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believed in the dream and simply want to chat about their community pride. Yet, Sandy Springs’ greatest tribute is neither the conversion of skeptics nor adoration from the faithful, but the dozen communities who are following our path toward independence, local control and vastly improved public services. Imitation is truly the greatest form of flattery. We haven’t been perfect. As I also noted in the municipalization campaign, citizens would one day be as angry with the mayor and council as they ever were with Fulton County. After all, local government’s role is to tackle those tough issues that most directly affect people where they live. Often, because our choices are less than optimal, we aren’t thrilled with our decisions, either. The greatest difference is that we live here. We face the consequences of our decisions, too. We genuinely want to make our community better. And, we are accessible. People find us at church or synagogue, in the grocery store, at Rotary, on the streets, or wherever we happen to be. They aren’t bashful about giving us an earful if they are unhappy. See the special section, Nevertheless, we Sandy Springs at Ten should pause to celeon pages15-26. brate our first 10 years and contemplate our amazing progress. But it’s only a pause. Once the party ends, we’ll refocus on making our next 10 years even greater. If all goes to plan, portions of Roswell Road will become more pedestrian-friendly and populated with nodes featuring neighborhood shops and restaurants. City Springs, with its world-class park, retail district, performing arts center, meeting venues and government center, will become everyone’s neighborhood. In the next decade, several new parks will come to fruition. We will build more sidewalks, enhance our reputation as a “City in a Forest,” and definitely funnel more resources toward traffic mitigation. Our quest is to make Sandy Springs the region’s most envied community. As we celebrate, I have one regret. Every great cause has a visionary leader with an abject refusal to be discouraged or quit. That’s the most apt description I can give of Eva Galambos. My greatest disappointment is that she isn’t with us today to witness her dream’s continued success. Rusty Paul is the mayor of Sandy Springs.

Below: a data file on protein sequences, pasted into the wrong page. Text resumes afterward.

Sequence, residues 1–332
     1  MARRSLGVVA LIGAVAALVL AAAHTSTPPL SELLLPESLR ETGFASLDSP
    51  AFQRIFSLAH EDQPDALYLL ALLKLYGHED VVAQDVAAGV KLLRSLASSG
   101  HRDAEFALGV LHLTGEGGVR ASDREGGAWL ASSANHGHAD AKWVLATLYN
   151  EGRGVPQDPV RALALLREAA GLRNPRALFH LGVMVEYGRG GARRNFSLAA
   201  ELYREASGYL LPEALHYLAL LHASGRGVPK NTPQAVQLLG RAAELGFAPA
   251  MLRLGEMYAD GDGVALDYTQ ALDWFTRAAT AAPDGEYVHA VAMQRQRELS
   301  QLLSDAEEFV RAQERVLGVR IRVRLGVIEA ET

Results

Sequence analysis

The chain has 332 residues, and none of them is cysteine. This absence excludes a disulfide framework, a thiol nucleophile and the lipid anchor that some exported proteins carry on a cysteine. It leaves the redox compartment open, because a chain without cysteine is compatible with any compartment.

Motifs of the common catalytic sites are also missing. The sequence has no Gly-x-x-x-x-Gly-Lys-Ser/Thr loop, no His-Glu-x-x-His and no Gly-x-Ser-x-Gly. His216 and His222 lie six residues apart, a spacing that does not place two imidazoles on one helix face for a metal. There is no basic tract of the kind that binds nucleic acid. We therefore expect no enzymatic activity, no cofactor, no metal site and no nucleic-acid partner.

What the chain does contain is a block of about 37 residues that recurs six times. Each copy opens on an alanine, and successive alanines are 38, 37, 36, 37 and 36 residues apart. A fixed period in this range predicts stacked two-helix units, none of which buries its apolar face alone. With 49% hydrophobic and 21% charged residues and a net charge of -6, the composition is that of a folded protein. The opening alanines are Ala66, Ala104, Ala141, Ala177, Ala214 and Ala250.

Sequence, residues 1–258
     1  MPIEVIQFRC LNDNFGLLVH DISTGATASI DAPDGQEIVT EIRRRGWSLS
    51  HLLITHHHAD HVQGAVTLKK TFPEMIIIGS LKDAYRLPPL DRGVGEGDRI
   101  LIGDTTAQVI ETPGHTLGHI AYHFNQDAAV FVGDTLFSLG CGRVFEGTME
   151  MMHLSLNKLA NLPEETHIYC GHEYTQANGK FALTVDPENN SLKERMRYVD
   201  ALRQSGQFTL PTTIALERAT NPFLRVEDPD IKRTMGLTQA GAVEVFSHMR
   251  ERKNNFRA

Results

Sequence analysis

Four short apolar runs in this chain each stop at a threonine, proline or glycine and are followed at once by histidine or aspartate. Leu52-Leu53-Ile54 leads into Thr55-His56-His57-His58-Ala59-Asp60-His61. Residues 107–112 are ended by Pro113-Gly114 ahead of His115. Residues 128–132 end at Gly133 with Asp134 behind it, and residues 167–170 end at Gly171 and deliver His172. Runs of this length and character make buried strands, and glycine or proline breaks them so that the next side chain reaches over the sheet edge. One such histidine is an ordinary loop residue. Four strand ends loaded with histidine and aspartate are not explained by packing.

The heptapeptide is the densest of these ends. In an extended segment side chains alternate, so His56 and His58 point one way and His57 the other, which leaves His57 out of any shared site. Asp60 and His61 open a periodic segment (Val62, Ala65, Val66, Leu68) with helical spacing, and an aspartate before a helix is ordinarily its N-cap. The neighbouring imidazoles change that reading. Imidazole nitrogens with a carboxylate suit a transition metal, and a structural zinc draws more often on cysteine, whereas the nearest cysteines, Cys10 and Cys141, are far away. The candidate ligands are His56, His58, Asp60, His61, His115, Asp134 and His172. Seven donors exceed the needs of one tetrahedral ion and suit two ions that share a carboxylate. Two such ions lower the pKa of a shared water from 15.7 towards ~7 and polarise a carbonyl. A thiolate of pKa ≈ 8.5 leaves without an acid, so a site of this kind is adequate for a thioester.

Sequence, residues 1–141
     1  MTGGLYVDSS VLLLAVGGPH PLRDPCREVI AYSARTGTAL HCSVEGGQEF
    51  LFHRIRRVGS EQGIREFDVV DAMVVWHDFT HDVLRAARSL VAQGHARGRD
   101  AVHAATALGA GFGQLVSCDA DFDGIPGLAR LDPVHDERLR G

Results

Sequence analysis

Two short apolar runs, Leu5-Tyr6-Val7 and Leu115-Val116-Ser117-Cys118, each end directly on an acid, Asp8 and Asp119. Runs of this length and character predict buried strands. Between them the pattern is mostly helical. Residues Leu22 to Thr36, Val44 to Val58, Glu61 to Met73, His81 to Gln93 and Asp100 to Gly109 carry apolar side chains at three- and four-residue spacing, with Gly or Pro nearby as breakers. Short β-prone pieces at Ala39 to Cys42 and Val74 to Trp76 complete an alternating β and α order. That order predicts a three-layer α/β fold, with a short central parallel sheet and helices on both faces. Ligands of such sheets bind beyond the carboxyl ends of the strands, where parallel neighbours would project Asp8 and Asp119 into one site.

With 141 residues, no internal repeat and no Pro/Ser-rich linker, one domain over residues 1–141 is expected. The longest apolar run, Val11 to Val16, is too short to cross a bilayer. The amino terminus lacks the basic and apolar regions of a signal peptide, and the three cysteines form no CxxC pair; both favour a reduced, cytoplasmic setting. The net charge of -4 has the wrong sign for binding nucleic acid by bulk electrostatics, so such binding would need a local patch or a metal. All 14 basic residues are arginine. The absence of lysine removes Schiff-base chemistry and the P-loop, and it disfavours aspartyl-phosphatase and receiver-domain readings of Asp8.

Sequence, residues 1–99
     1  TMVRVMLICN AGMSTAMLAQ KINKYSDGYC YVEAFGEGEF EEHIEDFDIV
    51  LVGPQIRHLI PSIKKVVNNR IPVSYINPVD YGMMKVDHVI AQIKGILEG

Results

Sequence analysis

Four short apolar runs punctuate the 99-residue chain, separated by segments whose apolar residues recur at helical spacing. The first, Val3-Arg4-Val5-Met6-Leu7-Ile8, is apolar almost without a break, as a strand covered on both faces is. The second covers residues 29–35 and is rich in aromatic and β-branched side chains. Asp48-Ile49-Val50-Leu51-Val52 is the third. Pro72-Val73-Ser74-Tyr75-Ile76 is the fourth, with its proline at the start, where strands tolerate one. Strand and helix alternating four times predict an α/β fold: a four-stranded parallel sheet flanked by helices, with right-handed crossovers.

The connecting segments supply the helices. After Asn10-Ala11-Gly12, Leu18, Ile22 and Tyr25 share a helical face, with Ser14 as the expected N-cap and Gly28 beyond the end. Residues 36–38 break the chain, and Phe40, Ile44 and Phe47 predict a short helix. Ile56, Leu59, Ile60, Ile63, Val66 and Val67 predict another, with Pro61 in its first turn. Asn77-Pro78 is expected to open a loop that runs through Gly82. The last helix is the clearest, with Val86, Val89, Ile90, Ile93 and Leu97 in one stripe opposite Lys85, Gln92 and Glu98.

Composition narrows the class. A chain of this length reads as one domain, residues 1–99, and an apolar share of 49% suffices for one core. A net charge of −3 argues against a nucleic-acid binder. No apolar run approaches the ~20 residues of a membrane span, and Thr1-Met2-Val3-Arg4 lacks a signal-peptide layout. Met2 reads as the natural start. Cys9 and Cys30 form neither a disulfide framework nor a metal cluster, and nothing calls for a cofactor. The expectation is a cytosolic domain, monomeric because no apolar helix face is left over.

On the record Read these articles from our other editions online at ReporterNewspapers.net. “My husband stages the back side of our roof with a scene that looks like Santa slammed into the roof, complete with runway lights, a crashed Santa, Rudolph looking for said Santa and presents strewn all over the place.” –Dunwoody resident Lisa Victory